What makes downtown Corvallis a special place? Depending on whom you ask, you may get a range of opinions. From its robust small business community to the ambiance of its tree-lined streets, there are clues to what makes our downtown so visibly unique.
Like many cities, Corvallis’ streetscape is constantly growing and evolving. And while growth is good, it is important to identify what’s working, so it can be built upon.
Famous urbanists like Jane Jacobs and William Whyte provide examples for analyzing why downtowns are such remarkable places, and how to improve them structurally. Jacobs and Whyte remind us that downtowns are successful according to how well their created spaces accommodate and allure the people that inhabit them.
As Whyte famously opined, “what attracts people most, it would appear, is other people.”
The Downtown Draw
Imagine a busy day in downtown Corvallis: the chatter, the music, the art, the salivary aromas pouring from rooms. Suspend yourself above. Scope the streetscape. Forget for a moment the economic intricacies and games of gain and loss, and instead draw your attention to the architectural landscape.
The dizzying array of independent businesses is just one feather in the proverbial cap of downtown Corvallis. There are other characteristics that make it thrive, some obvious and others obscure.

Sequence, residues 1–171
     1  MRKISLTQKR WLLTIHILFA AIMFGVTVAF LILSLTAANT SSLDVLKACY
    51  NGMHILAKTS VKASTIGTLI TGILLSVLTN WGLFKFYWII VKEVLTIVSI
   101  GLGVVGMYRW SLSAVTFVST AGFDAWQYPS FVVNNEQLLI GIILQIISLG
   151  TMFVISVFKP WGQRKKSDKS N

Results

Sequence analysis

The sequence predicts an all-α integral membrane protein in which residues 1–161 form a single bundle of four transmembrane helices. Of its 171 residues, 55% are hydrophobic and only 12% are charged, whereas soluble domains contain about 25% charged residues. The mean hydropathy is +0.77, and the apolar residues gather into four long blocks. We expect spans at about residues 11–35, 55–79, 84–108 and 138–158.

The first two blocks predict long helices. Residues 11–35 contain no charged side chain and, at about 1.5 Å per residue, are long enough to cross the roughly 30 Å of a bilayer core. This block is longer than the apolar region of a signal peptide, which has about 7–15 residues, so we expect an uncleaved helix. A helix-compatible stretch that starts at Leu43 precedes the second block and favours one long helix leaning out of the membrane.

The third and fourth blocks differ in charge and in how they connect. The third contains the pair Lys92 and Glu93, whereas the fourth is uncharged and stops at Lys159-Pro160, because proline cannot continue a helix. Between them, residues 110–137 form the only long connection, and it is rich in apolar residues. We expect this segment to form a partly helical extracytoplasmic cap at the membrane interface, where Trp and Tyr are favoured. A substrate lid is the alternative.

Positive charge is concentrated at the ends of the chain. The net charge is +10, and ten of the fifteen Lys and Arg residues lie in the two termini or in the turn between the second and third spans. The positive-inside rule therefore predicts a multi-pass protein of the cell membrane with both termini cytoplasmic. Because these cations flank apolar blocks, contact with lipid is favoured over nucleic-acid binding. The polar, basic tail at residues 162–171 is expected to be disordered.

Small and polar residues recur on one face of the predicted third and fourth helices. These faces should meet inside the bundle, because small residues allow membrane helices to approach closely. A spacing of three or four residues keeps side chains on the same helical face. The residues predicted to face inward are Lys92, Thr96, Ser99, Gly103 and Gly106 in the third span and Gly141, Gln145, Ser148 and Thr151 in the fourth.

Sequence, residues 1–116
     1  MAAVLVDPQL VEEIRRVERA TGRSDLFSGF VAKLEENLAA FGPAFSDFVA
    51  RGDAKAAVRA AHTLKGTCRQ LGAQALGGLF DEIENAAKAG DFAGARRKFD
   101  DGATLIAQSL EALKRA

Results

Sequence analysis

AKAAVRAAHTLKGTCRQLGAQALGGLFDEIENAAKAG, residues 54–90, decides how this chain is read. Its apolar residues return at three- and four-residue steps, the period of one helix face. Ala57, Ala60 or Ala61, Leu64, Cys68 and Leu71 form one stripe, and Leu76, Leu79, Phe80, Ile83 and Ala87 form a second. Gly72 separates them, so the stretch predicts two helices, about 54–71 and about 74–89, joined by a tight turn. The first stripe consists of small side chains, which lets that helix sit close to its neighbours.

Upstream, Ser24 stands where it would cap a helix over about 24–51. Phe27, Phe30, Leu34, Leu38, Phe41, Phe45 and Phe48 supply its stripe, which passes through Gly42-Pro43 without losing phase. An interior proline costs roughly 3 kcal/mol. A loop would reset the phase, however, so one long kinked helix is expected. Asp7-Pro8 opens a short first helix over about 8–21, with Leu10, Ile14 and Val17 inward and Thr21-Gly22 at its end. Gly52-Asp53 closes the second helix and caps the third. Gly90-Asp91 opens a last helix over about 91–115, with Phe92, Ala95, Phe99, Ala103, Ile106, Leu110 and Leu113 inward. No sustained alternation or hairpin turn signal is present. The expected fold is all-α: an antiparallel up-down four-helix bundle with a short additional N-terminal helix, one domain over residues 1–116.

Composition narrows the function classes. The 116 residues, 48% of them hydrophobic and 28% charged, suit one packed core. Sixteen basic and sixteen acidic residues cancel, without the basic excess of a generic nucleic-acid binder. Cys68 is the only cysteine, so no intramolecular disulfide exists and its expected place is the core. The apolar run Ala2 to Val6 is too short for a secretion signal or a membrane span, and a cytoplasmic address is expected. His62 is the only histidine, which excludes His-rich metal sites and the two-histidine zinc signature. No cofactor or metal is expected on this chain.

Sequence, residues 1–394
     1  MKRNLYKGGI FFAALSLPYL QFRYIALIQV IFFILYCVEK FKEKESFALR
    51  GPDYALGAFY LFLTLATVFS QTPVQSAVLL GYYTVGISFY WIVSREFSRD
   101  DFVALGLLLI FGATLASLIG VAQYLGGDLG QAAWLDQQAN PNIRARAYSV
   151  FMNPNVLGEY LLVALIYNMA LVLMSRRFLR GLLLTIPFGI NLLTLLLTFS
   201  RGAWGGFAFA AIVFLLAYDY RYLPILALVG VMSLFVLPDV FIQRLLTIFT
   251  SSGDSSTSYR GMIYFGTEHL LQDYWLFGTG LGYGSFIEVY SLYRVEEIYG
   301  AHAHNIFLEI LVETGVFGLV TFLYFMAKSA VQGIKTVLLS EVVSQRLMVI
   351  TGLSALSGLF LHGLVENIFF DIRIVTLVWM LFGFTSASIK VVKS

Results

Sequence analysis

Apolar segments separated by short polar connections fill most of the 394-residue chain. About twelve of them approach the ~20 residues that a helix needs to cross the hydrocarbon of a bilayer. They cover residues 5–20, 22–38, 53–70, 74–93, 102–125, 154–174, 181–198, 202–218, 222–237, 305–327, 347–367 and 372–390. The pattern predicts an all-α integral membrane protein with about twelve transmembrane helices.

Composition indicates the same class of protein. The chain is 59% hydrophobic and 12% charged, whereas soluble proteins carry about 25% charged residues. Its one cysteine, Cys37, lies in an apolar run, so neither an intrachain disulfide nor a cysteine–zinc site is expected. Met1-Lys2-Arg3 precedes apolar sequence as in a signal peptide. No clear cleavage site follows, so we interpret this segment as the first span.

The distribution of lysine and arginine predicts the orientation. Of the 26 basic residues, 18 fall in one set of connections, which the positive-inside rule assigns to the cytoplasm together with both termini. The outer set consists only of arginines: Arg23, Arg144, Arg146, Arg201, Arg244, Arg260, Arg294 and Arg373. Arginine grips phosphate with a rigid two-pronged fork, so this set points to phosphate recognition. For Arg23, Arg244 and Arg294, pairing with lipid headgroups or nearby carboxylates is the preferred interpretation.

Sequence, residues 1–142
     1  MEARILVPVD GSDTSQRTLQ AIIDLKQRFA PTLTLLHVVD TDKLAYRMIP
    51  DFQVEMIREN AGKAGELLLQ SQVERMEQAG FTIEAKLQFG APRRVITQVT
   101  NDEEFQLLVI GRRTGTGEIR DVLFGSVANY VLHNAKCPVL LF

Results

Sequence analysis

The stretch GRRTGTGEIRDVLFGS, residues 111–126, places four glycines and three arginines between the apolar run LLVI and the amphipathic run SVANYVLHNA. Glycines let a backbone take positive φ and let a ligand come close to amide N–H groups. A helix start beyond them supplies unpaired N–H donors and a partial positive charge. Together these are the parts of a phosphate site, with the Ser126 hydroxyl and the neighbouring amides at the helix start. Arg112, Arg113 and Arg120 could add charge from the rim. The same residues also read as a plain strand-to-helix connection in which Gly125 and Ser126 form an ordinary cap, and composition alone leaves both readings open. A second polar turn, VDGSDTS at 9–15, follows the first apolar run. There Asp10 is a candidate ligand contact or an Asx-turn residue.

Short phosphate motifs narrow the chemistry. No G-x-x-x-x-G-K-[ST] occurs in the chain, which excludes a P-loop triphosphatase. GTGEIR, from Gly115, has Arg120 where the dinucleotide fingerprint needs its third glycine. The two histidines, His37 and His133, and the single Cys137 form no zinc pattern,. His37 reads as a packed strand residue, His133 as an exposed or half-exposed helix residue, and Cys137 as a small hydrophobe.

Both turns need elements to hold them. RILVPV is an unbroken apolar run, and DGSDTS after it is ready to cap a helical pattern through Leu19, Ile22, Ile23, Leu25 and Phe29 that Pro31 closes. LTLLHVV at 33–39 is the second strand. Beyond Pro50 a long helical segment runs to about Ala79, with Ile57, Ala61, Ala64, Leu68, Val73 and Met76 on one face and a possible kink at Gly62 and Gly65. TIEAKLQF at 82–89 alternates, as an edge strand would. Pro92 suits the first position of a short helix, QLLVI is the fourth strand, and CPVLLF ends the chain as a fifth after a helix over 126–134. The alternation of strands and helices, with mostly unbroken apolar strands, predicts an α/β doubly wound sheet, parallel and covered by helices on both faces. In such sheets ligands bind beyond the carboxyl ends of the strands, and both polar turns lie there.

In a landmark 1958 Fortune Magazine article, Jacobs ponders, “why downtown is such a mixture of things… (and) how astonishingly small a place it is.”
Jacobs’ article unwraps how downtowns rely on short blocks, intimacy of spaces, and shifting focal points – all of which are geared towards accommodating the pedestrian experience.
Written on the heels of the 1956 Highway Act, the article entitled Downtown is For People was a preemptive strike at the burgeoning urban renewal movement of the 1960s, that clearly prioritized automobiles and buildings over people. Although Jacobs was writing about much larger cities, her characterizations of features that make downtowns unique are still valid and applicable.
Jacobs’ main point about buildings was they shouldn’t be monumentalized like pieces of artwork, rather they should adequately interact with its main user: pedestrians.
Buildings, Landmarks, and “Punctuations”
It’s the little things along the streets, the peculiarities and interesting details contained in the density of urban space. These small gestures break up space on the sidewalk and provide visual contrast for pedestrians.
Corvallis has its share of uniqueness in the planted trash bins and spherical concrete planters. Wall murals, sculptures, and other public art pieces populate the streetscape, alleys and building facades. Vigorous native plantings spill from tree wells and islands into sidewalks, providing respite to large expanses of concrete.
It is evident that business owners contribute quite a bit to the street bling that animates downtown Corvallis. Businesses along 2nd Street, like Magenta, Tried & True and the Yoga Center, to name a few, have raised beds, street furniture, and other amenities that inhabit the right-of-way.
Buildings and spaces in downtown Corvallis interact with people in various ways. The County Courthouse is a focal point; something the pedestrian can see from the distance. Focal points create visual interest, or what Jacobs refers to as “punctuations.”